The VA has reversed course in the face of complaints from community groups and a USA TODAY query and restored aid to potentially several thousand homeless veterans who otherwise could have been left on the streets.

 

Space:

U.S.-Russia relations and the International Space Station -

The current troubles with Crimea, and the souring of the relations between the United States and Russia, has led to a series of actions by NATO countries sure to drive Russia’s political reactions to ever more troubling extremes.

 

Technology:

State of global security, aerospace: The industry that’s creating future -

Mach 6 aircraft that could fly from New York to Tokyo in 90 minutes; lasers straight out of science fiction that could defend our cities; space capsules that will one day take us to asteroids, back to the moon, and to Mars. These are just a few of the breathtaking projects we’re working on in the global security and aerospace industry. Since the early days at Kitty Hawk, this industry has always been about imagining amazing possibilities and making them real. We continue to do that every day, solving some of our planet’s most confounding problems.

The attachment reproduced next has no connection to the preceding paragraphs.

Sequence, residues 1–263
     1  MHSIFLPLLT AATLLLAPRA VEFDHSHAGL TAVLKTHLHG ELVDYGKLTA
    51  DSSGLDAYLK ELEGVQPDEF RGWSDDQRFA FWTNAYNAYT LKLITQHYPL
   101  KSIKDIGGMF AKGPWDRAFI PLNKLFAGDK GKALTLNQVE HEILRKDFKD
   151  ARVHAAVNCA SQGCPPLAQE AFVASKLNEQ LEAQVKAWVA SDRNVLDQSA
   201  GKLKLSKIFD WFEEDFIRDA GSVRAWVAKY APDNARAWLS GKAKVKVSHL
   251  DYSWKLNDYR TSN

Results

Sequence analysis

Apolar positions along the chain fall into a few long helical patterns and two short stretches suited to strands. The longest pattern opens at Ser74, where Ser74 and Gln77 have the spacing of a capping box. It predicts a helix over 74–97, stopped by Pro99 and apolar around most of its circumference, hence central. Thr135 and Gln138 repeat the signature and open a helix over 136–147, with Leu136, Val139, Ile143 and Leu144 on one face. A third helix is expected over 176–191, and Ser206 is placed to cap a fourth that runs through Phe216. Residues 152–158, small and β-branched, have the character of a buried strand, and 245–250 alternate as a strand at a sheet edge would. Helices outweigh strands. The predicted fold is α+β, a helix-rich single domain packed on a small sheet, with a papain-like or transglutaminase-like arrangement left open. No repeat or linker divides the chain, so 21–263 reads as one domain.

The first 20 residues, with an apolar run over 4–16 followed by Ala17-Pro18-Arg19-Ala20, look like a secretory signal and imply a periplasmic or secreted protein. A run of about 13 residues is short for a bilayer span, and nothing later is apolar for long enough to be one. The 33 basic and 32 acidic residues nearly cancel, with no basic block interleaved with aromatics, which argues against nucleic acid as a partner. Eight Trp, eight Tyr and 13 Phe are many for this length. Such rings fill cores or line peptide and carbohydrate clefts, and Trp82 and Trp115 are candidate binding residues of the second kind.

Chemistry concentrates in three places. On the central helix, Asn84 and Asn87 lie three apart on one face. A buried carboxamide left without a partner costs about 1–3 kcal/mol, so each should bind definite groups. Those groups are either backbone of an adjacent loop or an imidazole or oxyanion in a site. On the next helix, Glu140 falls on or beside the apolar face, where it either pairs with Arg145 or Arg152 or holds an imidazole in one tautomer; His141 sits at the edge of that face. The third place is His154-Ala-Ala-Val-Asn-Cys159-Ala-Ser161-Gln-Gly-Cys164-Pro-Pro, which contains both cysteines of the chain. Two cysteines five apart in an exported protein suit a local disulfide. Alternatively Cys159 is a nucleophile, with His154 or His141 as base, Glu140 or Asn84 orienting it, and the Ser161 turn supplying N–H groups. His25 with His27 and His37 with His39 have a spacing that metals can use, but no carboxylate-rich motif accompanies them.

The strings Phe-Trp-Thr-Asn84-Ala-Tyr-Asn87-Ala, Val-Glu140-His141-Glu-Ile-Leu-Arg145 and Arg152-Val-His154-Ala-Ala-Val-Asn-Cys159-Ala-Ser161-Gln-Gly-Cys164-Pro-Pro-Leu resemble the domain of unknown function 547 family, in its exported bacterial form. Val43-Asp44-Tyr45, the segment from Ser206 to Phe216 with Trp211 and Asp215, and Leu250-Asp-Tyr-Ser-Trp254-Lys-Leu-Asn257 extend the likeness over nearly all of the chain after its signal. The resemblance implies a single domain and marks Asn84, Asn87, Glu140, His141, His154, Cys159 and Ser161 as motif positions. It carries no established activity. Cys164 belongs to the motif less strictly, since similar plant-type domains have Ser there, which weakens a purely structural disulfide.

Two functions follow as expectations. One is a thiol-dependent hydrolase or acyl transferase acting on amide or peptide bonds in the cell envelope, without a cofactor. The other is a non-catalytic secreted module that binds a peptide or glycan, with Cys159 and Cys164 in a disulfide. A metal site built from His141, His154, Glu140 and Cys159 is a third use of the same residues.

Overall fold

Viewpoint:

Don’t bury the Tomahawk -

When looking for new employment it is wise not to leave one job before finding a new one.  The advice applies elsewhere: security is too valuable to be vacated in favor of hope.  The Department of Defense disagrees with this common sense.  The budget that Secretary of Defense Chuck Hagel presented in March will end the purchase of Tomahawk Land Attack (TLAM) cruise missiles in 2016 without a replacement in clear sight.